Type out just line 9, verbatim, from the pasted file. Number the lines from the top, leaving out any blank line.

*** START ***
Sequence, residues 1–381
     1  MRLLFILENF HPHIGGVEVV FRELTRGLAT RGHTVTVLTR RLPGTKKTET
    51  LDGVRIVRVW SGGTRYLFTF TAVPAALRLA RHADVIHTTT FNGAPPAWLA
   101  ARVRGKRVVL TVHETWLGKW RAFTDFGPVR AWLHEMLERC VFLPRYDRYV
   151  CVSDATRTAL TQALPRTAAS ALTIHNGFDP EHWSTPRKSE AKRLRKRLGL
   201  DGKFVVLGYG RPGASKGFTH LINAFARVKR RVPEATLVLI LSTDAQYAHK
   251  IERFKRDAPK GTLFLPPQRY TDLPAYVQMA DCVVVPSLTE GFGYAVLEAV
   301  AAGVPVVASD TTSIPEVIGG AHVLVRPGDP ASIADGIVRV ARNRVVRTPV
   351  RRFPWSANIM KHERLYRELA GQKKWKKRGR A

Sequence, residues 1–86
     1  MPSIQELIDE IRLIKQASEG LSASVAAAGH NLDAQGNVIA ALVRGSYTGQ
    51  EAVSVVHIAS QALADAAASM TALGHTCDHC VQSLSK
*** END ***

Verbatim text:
   351  RRFPWSANIM KHERLYRELA GQKKWKKRGR A